Here's another fine interior. We've seen the George Crowell store at Second and Oak many times before, and thanks to the calendar we know this is April 1901.
Mr. Crowell is to the left. Perhaps those are his credit account ledgers next to the desk. Bert Graham is to the right, and Reverend Jenkins is in the rear. We don't have any identification for the women.
Mr. Crowell's store was a popular gathering place for evening discussions of politics. That stove and those stools witnessed many debates over issues of the era. The rear of the photo bears this inscription:
It was at this store that the corner grocery club formed, and was at its zenith when Bryan was trying to convince the people that the 16 to 1 theory was the only thing for the country. This question, and Bryan’s chances of becoming president, where the two burning questions among frequenters of the store. At times the sessions became so heated that Mr. Crowell became convinced that if Bryan’s policy were put into effect he would lose his business and the country would go into bankruptcy. So he told the debaters they could no longer use his store to discuss those theories, that he would provide neither heat, lights, nor seats for such discussions. This did not prevent a meeting of the Corner Grocery Club the next evening, but Bryan and his policies were not on the list of subjects discussed.
In case you don't remember your history, at the turn of the century William Jennings Bryan ran for president several times. The major issue was monetary policy-- gold standard vs. free silver. You can read about Bryan's famous speech on the subject here. It was even made into an Edison phonograph record so people in remote parts of the country like Hood River could hear it in his own voice.
Category: [Downtown Hood River]
So many little items to see in this photo. Butcher paper with a roll of twine above. White shirts needed to be kept clean and that is why the man on the left has the black things up over his cuffs.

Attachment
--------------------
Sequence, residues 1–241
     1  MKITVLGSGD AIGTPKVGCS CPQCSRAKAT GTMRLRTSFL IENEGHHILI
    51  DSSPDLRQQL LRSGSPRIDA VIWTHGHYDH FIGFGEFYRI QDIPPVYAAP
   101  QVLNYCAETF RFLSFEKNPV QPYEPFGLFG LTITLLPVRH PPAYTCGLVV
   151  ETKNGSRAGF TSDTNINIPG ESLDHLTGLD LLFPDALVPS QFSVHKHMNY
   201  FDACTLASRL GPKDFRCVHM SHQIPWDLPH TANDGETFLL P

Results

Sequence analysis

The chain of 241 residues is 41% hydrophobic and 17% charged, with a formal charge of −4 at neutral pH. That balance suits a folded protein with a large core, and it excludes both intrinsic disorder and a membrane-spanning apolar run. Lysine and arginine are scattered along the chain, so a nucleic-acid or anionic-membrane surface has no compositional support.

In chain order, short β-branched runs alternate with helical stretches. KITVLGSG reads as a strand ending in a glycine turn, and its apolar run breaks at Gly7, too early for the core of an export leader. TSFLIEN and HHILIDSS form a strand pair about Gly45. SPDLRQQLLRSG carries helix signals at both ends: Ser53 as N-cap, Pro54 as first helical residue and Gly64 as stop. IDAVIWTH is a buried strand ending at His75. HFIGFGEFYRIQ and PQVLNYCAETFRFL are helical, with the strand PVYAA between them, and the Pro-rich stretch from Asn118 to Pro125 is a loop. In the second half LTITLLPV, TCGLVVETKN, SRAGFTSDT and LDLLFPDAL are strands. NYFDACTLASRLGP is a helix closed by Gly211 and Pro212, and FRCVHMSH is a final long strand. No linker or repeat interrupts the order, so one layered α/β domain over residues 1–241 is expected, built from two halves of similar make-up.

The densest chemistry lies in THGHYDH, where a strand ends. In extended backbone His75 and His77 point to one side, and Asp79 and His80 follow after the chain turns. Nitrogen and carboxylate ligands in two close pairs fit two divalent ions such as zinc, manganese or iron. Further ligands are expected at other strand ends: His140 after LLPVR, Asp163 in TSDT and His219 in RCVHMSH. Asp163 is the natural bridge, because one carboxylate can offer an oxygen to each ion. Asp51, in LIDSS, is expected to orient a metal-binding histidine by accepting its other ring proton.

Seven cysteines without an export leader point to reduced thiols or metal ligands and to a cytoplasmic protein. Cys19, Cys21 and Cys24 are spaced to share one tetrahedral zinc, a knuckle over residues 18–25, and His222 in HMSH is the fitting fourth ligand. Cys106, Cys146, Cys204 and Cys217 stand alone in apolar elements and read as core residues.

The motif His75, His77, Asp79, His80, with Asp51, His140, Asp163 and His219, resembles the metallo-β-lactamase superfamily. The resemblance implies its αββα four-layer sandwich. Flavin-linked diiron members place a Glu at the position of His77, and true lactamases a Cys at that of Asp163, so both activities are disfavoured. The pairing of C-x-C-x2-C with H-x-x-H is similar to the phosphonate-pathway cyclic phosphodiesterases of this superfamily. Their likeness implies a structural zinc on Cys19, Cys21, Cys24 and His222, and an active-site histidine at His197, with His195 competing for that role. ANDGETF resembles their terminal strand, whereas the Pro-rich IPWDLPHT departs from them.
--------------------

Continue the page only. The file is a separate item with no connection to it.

Interesting how that stove pipe goes up and over. I can't see if there is wire or something supporting it. The ladders are on rails like the ones at Franz's.
My guess is that the woman in the sun bonnet lives somewhere out in the valley, while the woman looking at the fabric is a town dweller. You can see the various bolts of fabric in the shelving.
charlott on 28th August 2014 @ 7:10am
With a chimney like that they better be burning very dry wood. Looks like a good candidate for a creoste fire in the chimney and burn the store down.
Buzz on 28th August 2014 @ 7:54am
There is a lot of information about George Crowell when studying Ezra Smith. Ezra hired George many years before coming to Hood River and George ran Smith's first Hood River mercantile in 1880's. At such an early Hood River date, there was not much to the Post Office or banks and the mercantile was a strong center of community. George was known to be as honest as the day is long. Broke out on his own, but went broke, came back as a manager.
Kate on 28th August 2014 @ 8:15am
They always wore the black cuffs in the County Clerk's office and the banks. Basically anywhere the writer would be dragging their sleeves across the wet ink.
Judy on 28th August 2014 @ 9:12am
There was a double murder in a store on Oak Street early 1900's I believe...was it at this store?
DeAnna on 28th August 2014 @ 10:20am